• Crewe, B., Hulley, S., and Wright, S. (2019). ‘The Long View’, Bromley Briefings. Prison Reform Trust.
  • Crewe, B., Hulley, S., and Wright, S. (2019), ‘Experiencing long term imprisonment from young adulthood: identity, adaptation and penal legitimacy’. Ministry of Justice Analytical Series. Her Majesty’s Prison and Probation Service.
  • Wright, S., Hulley, S. and Crewe, B. (in press) ‘The pains of life imprisonment during late adolescence and emerging adulthood’, in Abrams, L. and Cox, A. (eds) Handbook on Young People and imprisonment. London: Palgrave Macmillan.
  • Crewe, B., Hulley, S. and Wright, S (2019) ‘What should happen to people who commit murder’, in Fox, A. and Frater, A. (eds.) Crime and Consequence, 281-287
  • Hulley, S., Crewe, B. and Wright, S. (2019) Making sense of ‘Joint Enterprise’ for murder: legal legitimacy or instrumental acquiescence? British Journal of Criminology, 59(6), 1328-1346
  • Crewe, B., Hulley, S. and Wright, S. (2019) ‘Long-term imprisonment from young adulthood’, National Offender Management Service analytic summary.
  • Crewe, B., Hulley, S. and Wright, S. (2017) ‘The gendered pains of life imprisonment’, British Journal of Criminology. 57(6), 1359-1378

Values, Practices and outcomes in public and private corrections

From 2007-2010, Ben was co-investigator (with Professor Alison Liebling) of an ESRC-funded study of values, practices and outcomes in public and private corrections. The study had two main components: (1) a comparative evaluation of quality of life, culture and practices in five private sector and two public sector prisons, in England and Wales; and (2) around 90 interviews with senior managers working in the public and private sectors, focussing in particular on professional values and motivations.


Key publications: 

A full list of my publications is available here.

  • Crewe, B. (2020) ‘Afterword’, in Turner, J. and Knight, V. (eds.) The Cell. London: Palgrave, Macmillan.
  • Liebling, A., Laws, B., Lieber, E., Auty, K., Schmidt, B., Crewe, B., Gardom, J., Kant, D. and Morey, M. (2019) ‘Are Hope and Possibility Achievable in Prison?’ The Howard Journal of Crime and Justice, DOI: 10.1111/hojo.12303
  • Crewe, B. (2018) ‘Process and insight in prison ethnography’, in Rice, S. and Maltz, M. (eds.) Doing Ethnography in Criminology: Discovery through Fieldwork. New York: Springer International Publishing. 83-89.
  • Crewe, B. and Laws, B. (2018) ‘Subcultural adaptations to incarceration’, in J. Wooldredge and P. Smith (eds.) The Oxford Handbook of Prisons and Imprisonment. Oxford: OUP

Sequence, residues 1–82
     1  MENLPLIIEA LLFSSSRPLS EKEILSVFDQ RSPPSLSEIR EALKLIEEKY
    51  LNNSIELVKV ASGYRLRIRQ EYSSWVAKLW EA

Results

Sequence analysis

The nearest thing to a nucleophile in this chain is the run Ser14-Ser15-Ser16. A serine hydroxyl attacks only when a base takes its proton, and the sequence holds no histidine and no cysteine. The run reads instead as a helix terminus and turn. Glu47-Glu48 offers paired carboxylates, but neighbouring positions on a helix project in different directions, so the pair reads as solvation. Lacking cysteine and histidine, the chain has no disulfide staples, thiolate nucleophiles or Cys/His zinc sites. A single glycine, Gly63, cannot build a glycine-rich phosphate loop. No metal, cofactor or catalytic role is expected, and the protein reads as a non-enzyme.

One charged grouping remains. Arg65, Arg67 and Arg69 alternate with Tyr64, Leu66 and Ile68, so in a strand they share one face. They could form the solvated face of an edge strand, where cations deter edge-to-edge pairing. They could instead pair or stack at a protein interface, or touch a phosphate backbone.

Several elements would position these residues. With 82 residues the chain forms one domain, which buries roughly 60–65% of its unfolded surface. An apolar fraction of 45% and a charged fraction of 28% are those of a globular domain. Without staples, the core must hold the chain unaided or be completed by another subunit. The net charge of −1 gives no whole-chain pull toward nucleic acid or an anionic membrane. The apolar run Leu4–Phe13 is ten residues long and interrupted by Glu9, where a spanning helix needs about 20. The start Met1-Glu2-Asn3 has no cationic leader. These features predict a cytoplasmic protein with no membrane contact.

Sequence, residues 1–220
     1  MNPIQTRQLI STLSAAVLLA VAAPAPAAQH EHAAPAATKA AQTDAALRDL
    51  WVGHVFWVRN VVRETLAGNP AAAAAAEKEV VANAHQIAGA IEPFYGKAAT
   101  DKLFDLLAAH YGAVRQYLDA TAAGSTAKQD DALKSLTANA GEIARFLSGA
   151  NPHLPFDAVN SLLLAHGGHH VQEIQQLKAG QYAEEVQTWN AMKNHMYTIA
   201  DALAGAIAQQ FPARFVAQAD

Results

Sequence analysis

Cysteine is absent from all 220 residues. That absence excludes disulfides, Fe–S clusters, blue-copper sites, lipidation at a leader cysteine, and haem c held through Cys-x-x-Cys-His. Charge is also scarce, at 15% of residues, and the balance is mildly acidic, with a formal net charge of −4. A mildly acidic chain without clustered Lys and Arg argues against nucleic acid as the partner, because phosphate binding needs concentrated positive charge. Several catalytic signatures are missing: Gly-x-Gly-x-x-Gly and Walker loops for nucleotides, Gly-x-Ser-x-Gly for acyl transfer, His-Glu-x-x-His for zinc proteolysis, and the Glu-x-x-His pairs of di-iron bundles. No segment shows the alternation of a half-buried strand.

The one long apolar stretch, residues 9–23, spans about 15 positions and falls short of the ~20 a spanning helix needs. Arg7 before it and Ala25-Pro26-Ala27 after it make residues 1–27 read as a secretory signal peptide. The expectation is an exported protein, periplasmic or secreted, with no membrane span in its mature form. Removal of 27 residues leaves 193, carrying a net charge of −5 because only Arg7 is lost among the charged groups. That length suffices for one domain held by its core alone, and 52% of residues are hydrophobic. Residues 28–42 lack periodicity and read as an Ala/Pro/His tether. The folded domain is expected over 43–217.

• Morey, M. and Crewe, B. (2018) ‘Work, intimacy and prisoner masculinities’, in Maycock, M and Hunt, K (eds.) (2017) New Perspectives on Prison Masculinities. London: Palgrave Macmillan
  • Crewe, B. and Liebling, A. (2017) ‘Reconfiguring penal power’, in A. Liebling, S. Maruna, S. and L. McAra (eds.), The Oxford Handbook of Criminology, Oxford: OUP.
  • Jewkes, Y., Bennett, J. and Crewe, B. (eds.) (2016) The Handbook on Prisons. London: Routledge.
  • Laws, B. and Crewe, B. (2016) ‘Emotion regulation among male prisoners’ Theoretical Criminology, 20(4), 529-547, doi: 10.1177/1362480615622532
  • Ievins, A. and Crewe, B. (2015) ‘Nobody’s better than you, nobody’s worse than you’: Moral community among prisoners convicted of sexual offences’ Punishment and Society, 17(4), 482-501
  • Crewe, B. (2015) 'Inside the belly of the beast: understanding the experience of imprisonment', The International Journal for Crime, Justice and Social Democracy. 4(1), 50-65
  • Crewe, B. and Ievins, A (2015) ‘Closeness, distance and honesty in prison research’, in D. Drake, R. Earle, and J. Sloan (eds) The International Handbook of Prison Ethnography. London: Palgrave, 124-142
  • Crewe, B. (2014) 'Not looking hard enough: masculinity, emotion and prison research', Qualitative Inquiry, 20(4), 392-403
  • Crewe, B., Bennett, P., Smith, A. and Warr, J. (2014) 'The emotional geography of prison life', Theoretical Criminology, 18(1), 1 56-74
  • Crewe, B. and Bennett, J. (eds.) (2012) The Prisoner. London: Routledge.
  • Crewe, B. (2011) ‘Depth, weight, tightness: Revisiting the pains of imprisonment’, Punishment and Society, 13(5), 509-529.
  • Crewe, B. (2011) ‘Soft power in prison: Implications for staff-prisoner relationships, liberty and legitimacy’, European Journal of Criminology, 8(6), 455-468
Professor of Penology and Criminal Justice and Deputy Director of the Prisons Research Centre.
Professor Ben  Crewe